Alzheimer's Disease: Return of the Prion Hypothesis


by Jim Schnabel

February 17, 2012

Recent experiments in mice have added weight to the idea that Alzheimer’s is driven by an infection-like spread of protein aggregates in the brain. Although it may seem startling, this hypothesis has been a popular one among Alzheimer’s researchers for the past several years (see “Alzheimer's Protein Shows Prion-like Infectiousness”). In fact, it represents a return to one of the first modern theories about Alzheimer’s: that it is like a weakly-transmissible prion disease.

“There has been a resurgence of this sort of thinking, because there is now real evidence of the potential transmissibility of Alzheimer’s,” says Thomas Wisniewski, a prion and Alzheimer’s researcher at New York University School of Medicine. “In fact, this ability to transmit an abnormal conformation is probably a universal property of amyloid-forming proteins.”

1970s–1980s: Alzheimer’s as a suspected prion disease

In the 1970s and early 1980s, researchers noted basic similarities between Alzheimer’s disease and transmissible spongiform encephalopathies (TSEs) such as scrapie and Creutzfeldt-Jakob disease. Both types of disease leave behind tough, fibrous, protein-containing deposits—called amyloids for the common molecular structures they contain. In Alzheimer’s, researchers knew of two major amyloids: a rounded “amyloid plaque” outside cells and “neurofibrillary tangles” inside cells. Moreover, TSEs create a spongelike pattern of holes in the brain, and this “spongiform” pathology was seen, albeit to a much lesser extent, in the brains of some people with Alzheimer’s.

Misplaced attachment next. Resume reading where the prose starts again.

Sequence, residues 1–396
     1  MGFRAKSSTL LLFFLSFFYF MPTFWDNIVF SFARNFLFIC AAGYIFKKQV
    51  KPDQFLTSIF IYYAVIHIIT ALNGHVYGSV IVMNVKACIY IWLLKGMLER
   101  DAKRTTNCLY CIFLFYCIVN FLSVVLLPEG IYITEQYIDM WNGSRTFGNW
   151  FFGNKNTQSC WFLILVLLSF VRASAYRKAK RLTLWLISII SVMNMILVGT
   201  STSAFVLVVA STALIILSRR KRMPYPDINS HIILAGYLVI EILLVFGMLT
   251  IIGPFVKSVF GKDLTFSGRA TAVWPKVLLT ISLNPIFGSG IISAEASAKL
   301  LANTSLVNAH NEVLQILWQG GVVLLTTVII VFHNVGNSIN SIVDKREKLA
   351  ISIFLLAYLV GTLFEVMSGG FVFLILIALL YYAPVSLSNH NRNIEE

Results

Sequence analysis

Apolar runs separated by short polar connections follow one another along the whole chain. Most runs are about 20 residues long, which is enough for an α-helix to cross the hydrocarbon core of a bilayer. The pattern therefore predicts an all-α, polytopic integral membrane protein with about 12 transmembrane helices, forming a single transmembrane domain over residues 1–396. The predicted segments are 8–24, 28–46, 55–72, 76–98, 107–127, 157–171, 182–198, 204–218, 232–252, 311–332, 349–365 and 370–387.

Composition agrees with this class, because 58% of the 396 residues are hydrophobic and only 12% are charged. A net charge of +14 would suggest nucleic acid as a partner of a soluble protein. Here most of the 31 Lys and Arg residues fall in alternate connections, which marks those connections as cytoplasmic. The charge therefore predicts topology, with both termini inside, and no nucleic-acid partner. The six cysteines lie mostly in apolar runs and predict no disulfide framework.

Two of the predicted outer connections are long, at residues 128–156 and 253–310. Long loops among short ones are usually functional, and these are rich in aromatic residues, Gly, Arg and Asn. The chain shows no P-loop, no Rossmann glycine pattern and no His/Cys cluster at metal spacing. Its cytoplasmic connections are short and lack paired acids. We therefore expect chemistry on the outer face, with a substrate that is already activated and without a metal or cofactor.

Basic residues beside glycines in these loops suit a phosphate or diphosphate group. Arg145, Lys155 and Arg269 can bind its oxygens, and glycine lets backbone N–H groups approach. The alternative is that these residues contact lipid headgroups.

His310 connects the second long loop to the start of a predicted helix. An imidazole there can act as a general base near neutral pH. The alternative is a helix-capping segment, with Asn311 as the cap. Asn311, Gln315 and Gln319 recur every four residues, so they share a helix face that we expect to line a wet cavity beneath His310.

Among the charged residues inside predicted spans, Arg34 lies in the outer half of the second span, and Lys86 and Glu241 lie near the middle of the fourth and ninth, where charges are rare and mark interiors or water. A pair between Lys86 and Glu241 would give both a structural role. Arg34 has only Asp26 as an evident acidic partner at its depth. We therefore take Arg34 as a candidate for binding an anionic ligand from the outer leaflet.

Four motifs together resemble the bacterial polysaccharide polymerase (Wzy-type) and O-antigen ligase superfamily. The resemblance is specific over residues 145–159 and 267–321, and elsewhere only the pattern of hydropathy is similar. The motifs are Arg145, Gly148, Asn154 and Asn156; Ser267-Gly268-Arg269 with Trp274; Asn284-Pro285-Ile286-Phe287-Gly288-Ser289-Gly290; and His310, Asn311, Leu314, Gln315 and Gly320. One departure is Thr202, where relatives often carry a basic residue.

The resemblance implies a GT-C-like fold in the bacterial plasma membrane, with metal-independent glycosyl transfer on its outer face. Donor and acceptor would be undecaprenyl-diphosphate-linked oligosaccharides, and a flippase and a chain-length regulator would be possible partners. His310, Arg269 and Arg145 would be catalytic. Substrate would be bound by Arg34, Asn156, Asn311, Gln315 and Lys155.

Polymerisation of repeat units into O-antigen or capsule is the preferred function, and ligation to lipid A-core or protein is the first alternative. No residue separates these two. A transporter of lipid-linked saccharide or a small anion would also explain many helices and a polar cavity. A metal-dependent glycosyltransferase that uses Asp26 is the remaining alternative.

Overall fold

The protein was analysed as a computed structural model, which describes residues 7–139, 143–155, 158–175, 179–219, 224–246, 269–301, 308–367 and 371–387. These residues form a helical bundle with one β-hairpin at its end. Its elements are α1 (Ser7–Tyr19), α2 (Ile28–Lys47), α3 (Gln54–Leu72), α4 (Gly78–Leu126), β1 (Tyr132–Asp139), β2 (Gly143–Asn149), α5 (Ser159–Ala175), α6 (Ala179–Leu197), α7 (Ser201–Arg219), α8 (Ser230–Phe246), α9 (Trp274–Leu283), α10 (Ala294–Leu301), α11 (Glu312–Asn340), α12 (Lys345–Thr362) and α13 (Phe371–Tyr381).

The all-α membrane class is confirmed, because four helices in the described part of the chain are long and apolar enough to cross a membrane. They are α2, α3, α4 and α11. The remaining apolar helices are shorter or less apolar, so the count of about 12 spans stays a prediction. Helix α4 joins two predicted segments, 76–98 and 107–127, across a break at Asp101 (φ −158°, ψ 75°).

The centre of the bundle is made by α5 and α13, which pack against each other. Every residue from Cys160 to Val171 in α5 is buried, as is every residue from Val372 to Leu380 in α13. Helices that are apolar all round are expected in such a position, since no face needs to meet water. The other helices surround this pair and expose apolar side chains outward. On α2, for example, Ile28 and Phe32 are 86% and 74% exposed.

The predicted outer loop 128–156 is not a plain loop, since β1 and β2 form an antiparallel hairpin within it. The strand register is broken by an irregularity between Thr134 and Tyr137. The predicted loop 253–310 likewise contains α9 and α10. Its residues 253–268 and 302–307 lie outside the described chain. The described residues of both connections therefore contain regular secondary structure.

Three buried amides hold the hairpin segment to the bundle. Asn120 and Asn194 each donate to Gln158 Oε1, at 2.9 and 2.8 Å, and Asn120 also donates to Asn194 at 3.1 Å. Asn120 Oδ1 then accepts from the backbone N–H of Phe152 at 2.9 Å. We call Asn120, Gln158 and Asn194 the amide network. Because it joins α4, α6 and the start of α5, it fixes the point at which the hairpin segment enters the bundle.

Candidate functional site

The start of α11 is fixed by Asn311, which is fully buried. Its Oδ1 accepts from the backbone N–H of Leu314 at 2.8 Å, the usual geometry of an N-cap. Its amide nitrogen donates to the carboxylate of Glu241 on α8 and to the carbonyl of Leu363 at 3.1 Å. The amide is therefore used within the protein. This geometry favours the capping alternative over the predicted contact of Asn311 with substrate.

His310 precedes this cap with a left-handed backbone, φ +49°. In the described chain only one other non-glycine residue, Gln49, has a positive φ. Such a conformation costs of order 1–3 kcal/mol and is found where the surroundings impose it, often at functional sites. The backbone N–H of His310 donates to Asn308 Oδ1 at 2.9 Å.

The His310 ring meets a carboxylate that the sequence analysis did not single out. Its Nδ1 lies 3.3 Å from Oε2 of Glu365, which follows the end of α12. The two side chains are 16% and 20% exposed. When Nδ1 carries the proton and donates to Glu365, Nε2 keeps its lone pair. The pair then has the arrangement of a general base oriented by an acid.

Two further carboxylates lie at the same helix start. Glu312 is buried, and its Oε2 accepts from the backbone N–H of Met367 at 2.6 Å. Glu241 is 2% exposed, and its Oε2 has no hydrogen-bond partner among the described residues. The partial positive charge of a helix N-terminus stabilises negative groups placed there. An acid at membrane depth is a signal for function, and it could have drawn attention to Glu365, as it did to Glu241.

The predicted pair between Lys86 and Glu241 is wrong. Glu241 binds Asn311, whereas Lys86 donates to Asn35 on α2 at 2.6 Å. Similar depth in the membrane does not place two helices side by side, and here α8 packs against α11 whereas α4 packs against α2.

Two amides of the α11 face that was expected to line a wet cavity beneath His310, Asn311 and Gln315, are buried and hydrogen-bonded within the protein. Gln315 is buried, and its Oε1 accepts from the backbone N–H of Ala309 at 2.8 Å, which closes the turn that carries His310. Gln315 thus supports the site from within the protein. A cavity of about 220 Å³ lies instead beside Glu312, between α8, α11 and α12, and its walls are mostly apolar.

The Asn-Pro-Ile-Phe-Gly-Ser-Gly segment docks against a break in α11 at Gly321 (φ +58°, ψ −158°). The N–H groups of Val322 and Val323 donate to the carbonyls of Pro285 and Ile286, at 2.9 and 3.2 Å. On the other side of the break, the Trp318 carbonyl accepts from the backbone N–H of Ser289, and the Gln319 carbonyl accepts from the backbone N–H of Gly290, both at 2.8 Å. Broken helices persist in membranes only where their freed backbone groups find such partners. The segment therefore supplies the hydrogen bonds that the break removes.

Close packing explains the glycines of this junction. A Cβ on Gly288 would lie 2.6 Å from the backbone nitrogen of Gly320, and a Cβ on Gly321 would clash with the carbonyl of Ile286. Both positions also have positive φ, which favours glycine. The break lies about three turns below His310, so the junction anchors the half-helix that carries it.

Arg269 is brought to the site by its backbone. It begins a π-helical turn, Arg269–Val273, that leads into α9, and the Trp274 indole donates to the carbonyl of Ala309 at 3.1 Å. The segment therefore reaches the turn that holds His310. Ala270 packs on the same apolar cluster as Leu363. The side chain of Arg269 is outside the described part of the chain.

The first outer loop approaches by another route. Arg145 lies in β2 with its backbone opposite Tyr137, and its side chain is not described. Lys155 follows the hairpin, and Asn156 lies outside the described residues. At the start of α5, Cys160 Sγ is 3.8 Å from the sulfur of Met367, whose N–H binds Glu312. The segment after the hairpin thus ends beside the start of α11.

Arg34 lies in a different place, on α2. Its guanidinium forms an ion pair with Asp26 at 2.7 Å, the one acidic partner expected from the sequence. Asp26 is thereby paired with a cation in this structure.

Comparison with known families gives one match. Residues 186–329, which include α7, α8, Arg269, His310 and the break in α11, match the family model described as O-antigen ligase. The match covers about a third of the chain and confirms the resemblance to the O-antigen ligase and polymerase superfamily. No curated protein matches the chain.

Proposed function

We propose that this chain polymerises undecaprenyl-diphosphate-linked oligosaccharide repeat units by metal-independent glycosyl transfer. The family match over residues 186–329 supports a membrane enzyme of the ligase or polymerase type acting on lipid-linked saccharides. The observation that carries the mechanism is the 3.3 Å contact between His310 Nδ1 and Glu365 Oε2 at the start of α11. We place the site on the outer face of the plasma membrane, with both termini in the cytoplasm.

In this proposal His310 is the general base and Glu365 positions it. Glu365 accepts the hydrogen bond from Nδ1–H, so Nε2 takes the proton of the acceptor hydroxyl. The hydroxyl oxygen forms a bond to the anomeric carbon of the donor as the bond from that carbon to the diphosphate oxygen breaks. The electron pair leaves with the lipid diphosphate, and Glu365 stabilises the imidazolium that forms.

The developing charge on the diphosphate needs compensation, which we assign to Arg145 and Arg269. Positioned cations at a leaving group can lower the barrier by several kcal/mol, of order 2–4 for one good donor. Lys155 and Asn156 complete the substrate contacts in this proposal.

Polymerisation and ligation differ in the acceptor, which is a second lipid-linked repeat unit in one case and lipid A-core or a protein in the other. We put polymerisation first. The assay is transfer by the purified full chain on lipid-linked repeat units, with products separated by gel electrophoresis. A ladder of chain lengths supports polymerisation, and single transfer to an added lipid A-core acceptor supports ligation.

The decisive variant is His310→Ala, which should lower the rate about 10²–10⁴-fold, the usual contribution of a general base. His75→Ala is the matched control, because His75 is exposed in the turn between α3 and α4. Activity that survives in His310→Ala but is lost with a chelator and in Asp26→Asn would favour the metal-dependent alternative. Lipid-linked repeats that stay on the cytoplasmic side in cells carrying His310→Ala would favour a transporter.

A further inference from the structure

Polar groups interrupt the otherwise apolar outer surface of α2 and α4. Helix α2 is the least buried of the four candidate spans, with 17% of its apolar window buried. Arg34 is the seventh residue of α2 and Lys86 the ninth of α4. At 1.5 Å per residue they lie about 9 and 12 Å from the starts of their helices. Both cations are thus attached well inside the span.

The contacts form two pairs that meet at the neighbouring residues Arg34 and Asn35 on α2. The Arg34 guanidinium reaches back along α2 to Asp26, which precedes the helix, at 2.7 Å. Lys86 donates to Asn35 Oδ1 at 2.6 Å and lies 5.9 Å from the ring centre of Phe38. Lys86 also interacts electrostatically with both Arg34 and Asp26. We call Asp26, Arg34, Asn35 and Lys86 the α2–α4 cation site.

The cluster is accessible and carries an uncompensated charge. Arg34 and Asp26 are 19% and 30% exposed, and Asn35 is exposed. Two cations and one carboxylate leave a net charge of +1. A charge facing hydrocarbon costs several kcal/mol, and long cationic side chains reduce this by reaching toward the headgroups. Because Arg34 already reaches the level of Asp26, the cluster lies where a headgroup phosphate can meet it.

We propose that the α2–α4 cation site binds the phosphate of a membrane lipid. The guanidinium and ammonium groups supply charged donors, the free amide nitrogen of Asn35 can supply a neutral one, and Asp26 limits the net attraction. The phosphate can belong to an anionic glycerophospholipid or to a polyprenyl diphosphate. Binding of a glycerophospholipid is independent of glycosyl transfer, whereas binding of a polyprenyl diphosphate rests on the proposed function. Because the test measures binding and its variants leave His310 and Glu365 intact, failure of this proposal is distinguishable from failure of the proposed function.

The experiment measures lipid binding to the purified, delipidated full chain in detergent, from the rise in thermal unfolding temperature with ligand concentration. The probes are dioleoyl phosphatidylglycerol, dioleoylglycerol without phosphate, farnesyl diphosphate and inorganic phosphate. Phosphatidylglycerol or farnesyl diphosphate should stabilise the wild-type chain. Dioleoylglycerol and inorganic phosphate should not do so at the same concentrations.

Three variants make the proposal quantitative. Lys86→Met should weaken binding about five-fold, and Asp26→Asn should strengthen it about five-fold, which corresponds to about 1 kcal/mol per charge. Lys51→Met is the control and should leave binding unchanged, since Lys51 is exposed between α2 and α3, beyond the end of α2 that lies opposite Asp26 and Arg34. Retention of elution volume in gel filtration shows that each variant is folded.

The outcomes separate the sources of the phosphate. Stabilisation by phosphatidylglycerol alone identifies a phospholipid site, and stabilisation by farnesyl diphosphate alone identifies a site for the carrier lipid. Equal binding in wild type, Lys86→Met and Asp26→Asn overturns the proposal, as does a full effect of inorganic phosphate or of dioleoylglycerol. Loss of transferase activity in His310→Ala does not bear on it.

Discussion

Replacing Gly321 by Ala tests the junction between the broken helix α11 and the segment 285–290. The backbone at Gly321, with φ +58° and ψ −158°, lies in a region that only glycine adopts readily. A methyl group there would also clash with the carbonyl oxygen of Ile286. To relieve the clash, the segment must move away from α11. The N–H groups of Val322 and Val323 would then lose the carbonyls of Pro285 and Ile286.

At the time, many thought that TSEs are caused by “slow viruses.” However, J.S. Griffith, Carlton Gajdusek, Stanley Prusiner and others proposed that TSEs might be “infections” not of viruses or bacteria or other microbes, but of self-replicating structures made only of protein. Gajdusek termed these “infectious amyloids,” but the term “prion,” introduced by Prusiner (also a Dana Alliance member) in 1982, is the one that stuck:

Because the novel properties of the scrapie agent distinguish it from viruses, plasmids, and viroids, a new term “prion” is proposed to denote a small proteinaceous infectious particle which is resistant to inactivation by most procedures that modify nucleic acids [i.e., DNA or RNA]. Knowledge of the scrapie agent structure may have significance for understanding the causes of several degenerative diseases.

TSEs could be transmitted reproducibly, for example by injecting brain matter from a scrapie-infected sheep into the brain of a healthy sheep. But Gajdusek tried similar experiments with Alzheimer’s brain extracts and chimpanzees, and reported in 1980 that there was no reliable transmission of disease.